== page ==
The Computer Emergency Readiness Team (US-CERT) of the United States has revealed a fault and imperfection in the chips of Intel and said that hackers are likely to gain access to the Windows as well as other operating systems. The security experts reported saying this can allow the hackers to have control over the operating systems and Windows too. This defect of the Intel chips was unveiled in a security advisory which spoke about its vulnerability and was released this week too.
According to the experts, hackers will be able to execute various malicious codes once they exploit the defect and will make use of kernel attempts. The US-CERT advisory said “Some 64-bit operating systems and virtualization software running on Intel CPU hardware are vulnerable to a local privilege escalation attack.” It also added “The vulnerability may be exploited for local privilege escalation or a guest-to-host virtual machine escape.”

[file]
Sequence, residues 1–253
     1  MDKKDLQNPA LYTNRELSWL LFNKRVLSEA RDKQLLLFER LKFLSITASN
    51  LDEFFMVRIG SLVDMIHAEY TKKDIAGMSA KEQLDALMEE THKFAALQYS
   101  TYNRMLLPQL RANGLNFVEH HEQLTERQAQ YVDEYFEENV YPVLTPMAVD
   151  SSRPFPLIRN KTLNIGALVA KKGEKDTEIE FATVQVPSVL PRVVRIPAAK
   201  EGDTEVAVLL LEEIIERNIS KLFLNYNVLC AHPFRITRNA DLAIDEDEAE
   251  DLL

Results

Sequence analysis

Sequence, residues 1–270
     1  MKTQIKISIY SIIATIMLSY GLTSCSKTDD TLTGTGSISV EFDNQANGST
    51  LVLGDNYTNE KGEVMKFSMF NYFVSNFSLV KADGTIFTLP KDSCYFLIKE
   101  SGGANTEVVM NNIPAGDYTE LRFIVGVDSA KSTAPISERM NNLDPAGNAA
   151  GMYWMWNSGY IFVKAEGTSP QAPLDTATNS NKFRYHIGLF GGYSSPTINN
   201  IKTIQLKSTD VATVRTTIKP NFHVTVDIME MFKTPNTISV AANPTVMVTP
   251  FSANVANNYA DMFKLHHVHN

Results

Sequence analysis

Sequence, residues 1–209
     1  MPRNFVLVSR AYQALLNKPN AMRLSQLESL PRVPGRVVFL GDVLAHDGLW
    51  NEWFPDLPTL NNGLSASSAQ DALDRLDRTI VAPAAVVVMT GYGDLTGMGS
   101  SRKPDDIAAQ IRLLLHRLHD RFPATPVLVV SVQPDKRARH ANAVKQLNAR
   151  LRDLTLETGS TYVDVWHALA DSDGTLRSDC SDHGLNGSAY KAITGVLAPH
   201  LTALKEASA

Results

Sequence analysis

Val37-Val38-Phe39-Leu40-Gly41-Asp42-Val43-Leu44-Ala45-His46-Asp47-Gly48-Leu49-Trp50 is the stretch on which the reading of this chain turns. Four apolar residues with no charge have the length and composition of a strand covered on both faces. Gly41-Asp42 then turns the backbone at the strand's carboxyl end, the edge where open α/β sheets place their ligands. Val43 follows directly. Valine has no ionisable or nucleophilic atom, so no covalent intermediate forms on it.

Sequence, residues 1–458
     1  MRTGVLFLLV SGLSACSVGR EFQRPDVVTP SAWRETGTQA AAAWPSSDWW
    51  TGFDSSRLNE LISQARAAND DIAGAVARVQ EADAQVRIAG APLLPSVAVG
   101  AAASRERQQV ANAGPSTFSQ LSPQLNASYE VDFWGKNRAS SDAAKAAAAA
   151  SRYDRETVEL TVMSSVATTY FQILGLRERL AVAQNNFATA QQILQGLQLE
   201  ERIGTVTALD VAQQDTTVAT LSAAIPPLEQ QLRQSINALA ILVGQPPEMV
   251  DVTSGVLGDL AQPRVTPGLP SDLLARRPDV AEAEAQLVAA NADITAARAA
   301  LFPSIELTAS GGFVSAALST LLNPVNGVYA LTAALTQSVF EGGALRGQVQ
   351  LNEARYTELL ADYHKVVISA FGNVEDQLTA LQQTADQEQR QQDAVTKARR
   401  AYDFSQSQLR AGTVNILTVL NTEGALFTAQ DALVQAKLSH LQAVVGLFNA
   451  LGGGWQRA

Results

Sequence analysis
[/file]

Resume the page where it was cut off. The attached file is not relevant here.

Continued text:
A number of operating systems including Windows 7, Windows Server 2008 R2, 64-bit versions of FreeBSD, NetBSD and systems accompanying the Xen hypervisor are depicted to this weakness and flaw. Bitdefender said “While 32-bit operating systems are safe, Intel CPUs that use the Intel 64 extension need the security patches released by Microsoft in their MS12-042 security bulletin.” This vulnerability stems from the kind of handling of error the CPU does in their SYSRET instructions and versions, which is accustomed in the x86-64 standard.
The Xen Blog reported saying “If an operating system is written according to AMD’s spec, but run on Intel hardware, the difference in implementation can be exploited by an attacker to write to arbitrary addresses in the operating system’s memory.” The virtualization software of the VMware as well as the AMD processors is not being affected and does not make use of the SYSRET instruction. This vulnerability is to affect Joyent, Citrix, Oracle, Red Hat and SUSE Linux apart from Microsoft and Intel.